Convergent evolution: Fungus and insect proteins identical
|May 5, 2012||Posted by News under Evolution, Cambrian explosion, News|
Some friends have been reading George McGhee’s book, Convergent Evolution: Limited Forms Most Beautiful. If there was ever a Darwinclog-free look at the evolution of life forms, well, this is a contender, for example …
Rey et al. (1998, 6212) report an “unexpected homology” found in comparing a fungal and an insect protein: fully 25.3 percent of the amino acid sequence is identical in the fungal Qid74 protein and the insect BR3 protein. The fungal protein is used in cell wall construction, whereas the insect protein is secreted in the midge’s saliva, and is used in constructing external tube walls within which the insect lives. Rey et al. (1998, 6215) note that the two genes coding for the two proteins, one fungal and one insect, had to have originated independently of each other, and that the “ancestor of each new gene created de novo has to be a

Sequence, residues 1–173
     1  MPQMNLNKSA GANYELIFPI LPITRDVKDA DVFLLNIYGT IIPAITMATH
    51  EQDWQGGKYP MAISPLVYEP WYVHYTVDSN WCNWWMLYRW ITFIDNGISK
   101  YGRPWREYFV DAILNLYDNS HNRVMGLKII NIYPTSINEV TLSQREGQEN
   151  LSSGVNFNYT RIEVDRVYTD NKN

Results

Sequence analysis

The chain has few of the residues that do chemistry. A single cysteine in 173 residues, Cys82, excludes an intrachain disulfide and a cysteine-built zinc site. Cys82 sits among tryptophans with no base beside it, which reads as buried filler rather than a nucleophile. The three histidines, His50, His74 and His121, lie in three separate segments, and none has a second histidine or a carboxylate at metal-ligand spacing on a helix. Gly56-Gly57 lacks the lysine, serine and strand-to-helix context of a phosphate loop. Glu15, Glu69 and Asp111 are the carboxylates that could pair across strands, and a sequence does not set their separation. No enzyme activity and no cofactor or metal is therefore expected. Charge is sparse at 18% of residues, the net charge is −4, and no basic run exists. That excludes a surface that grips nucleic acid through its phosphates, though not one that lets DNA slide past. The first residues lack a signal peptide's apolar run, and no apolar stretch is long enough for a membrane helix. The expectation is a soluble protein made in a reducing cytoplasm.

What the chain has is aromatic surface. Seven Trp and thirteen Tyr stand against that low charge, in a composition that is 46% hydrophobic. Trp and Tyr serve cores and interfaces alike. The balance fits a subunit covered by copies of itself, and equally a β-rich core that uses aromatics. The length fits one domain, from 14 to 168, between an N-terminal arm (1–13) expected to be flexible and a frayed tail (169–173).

noncoding DNA sequence that abounds in every eukaryotic genome”; furthermore, the observed protein convergence “was not between the genes but between the similar noncoding repeats whence the two [new] genes sprung quite independently of each other.
That suits design better than Darwinism because an intelligent agent would know what had worked before, and could use it again.